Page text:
MPs from all three main parties have today renewed criticism of the government's plan on below-cost selling, warning it does not go far enough to stamp out the problem of cheap supermarket alcohol.
During a Westminster Hall debate on minimum pricing, every MP that spoke attacked the duty plus VAT proposal, announced last month.
However Home Office minister James Brokenshire, in charge of implementing the below-cost ban, still gave no clear indication of when, or how, the measure will be introduced.
Labour MP Nick Smith, who introduced the debate, said the minimum price was "too low" and a "half measure".
"How can the government justify the low minimum price, I just don't get it," he said. "Will this really reduce binge-drinking in our towns?"
Instead, he argued the idea of a minimum price of 50p a unit warranted some "serious consideration".
Andrew Griffiths, Tory MP for Burton & Uttoxeter, said the pricing policies adopted by supermarkets on alcohol were "dangerous".
But on the below-cost plan, he said: "I'm afraid it's a case of 'please sir, can we have some more'. I don't think the price level will have a massive difference on drinking behaviour, particularly among young people."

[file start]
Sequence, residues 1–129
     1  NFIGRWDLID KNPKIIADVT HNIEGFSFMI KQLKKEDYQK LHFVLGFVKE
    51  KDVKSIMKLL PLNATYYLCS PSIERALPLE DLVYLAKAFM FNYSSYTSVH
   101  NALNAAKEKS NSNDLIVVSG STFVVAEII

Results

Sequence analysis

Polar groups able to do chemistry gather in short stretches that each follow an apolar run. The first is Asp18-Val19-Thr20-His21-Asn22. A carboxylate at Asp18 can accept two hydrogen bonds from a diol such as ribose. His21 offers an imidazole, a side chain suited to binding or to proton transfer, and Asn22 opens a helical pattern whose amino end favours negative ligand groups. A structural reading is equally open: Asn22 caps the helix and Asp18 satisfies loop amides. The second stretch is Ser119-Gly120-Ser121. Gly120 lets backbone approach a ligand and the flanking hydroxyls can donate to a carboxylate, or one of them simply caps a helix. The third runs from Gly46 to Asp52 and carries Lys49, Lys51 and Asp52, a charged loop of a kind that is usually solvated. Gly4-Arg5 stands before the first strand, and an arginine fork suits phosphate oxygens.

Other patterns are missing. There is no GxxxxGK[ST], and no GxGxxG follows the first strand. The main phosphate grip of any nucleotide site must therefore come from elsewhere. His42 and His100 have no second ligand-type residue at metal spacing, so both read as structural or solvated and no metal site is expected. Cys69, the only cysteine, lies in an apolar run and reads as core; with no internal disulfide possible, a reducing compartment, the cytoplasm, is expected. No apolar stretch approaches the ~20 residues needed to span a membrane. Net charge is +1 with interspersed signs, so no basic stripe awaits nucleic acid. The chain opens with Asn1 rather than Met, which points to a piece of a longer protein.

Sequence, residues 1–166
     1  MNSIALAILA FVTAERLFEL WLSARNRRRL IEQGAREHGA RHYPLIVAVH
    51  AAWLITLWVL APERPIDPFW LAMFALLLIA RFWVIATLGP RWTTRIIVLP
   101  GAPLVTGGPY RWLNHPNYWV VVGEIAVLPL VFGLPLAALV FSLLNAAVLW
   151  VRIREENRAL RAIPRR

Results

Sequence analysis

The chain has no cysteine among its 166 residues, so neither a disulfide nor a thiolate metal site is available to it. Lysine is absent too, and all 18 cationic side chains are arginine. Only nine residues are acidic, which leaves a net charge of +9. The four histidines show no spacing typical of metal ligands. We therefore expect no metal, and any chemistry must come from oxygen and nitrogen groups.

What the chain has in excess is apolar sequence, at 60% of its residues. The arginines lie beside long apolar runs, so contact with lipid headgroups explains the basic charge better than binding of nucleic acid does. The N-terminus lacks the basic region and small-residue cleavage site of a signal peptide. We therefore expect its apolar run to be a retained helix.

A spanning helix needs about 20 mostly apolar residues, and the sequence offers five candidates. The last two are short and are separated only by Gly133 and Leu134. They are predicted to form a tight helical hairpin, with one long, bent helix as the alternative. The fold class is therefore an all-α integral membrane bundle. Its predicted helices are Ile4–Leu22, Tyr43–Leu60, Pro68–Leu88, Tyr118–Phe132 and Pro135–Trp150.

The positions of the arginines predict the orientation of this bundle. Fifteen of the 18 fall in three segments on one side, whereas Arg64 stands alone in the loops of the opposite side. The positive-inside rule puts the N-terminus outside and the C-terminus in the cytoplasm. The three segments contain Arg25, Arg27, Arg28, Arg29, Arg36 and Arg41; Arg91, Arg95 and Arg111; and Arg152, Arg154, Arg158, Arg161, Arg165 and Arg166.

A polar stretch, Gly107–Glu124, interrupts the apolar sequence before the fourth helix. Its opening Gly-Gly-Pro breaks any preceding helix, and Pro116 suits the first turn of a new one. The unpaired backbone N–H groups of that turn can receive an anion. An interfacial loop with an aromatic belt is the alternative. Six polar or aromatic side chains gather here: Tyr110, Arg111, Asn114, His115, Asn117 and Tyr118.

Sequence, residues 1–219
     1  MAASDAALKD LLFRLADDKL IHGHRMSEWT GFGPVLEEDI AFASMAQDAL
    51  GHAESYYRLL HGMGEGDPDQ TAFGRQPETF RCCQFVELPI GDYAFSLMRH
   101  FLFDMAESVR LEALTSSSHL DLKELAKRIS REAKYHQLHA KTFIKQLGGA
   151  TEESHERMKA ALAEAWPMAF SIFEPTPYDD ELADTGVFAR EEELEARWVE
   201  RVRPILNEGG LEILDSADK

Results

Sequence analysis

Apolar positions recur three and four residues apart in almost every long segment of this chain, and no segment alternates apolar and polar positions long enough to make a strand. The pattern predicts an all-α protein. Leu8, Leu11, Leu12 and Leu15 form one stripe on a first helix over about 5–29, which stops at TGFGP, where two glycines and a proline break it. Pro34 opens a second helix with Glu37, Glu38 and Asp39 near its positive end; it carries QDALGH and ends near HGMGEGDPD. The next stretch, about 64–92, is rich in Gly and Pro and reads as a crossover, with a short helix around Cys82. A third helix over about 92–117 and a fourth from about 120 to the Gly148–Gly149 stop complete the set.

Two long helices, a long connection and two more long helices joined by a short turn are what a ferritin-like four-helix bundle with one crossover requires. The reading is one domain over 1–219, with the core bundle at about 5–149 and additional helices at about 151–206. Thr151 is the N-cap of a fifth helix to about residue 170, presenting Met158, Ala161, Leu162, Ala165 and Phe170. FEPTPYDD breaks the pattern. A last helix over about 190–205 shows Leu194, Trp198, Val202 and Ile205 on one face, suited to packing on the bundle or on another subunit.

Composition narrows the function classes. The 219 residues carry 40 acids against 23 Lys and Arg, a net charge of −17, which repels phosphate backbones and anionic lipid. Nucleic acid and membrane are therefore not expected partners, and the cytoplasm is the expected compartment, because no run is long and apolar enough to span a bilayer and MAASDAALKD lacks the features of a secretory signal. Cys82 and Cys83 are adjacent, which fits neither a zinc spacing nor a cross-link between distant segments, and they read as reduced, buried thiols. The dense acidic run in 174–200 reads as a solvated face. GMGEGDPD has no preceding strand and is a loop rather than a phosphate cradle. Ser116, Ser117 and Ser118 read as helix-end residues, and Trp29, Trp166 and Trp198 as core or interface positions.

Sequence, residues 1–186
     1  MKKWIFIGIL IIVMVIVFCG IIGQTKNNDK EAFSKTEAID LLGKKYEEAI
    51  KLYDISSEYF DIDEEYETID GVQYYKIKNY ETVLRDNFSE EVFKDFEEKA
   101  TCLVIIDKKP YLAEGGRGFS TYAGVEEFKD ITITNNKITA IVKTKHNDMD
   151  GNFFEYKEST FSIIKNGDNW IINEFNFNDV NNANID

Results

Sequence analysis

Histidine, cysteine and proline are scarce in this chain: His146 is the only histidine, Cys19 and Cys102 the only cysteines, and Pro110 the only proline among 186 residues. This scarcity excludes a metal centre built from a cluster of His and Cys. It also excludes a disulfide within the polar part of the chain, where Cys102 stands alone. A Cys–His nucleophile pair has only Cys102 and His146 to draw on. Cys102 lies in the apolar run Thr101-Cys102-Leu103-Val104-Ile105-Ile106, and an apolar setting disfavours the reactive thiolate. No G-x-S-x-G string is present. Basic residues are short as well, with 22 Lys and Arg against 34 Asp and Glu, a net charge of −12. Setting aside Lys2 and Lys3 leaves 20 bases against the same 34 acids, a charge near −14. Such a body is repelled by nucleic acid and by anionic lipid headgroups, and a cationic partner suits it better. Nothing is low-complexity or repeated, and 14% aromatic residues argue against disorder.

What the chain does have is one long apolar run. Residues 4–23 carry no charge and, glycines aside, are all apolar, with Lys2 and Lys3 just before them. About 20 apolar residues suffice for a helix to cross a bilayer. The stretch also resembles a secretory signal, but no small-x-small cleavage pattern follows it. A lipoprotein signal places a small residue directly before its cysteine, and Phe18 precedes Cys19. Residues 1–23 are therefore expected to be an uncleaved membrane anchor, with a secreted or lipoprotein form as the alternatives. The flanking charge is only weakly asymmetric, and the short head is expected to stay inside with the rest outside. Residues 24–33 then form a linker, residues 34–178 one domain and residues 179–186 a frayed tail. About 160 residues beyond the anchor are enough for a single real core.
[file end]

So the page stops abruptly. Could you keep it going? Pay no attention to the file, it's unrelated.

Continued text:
He pointed out also that due to supermarket loss leaders it made it impossible for pubs to compete - and 70 per cent of all alcohol is now sold in the off-trade.
Labour's Keith Vaz, chairman of the influential Home Affairs select committee, urged the government to stand up to the supermarkets.
"Don't be afraid," he said. "I know they are powerful organisations, but the fact is we need to make progress and we need to make progress now."
Lib Dem MP Stephen Gilbert said the below-cost proposal was a "very, very tentative step". He also highlighted the duty plus VAT formula could actually allow alcohol to get cheaper. Gilbert pointed out that currently he could buy 45 cans of lager for £20, whereas under the proposal he could buy 52 cans.
Brokenshire repeated Home Secretary Theresa May's previous claim the below-cost plan would mean 7,000 fewer alcohol-related incidents a year and a 1,000 fewer hospital admissions. On the timing of the ban, he said: "I'm certainly committed it will be as soon as practicable…at the earliest opportunity."
He admitted the duty plus VAT plan was about having something that was "easy to enforce", but reiterated it was a first step.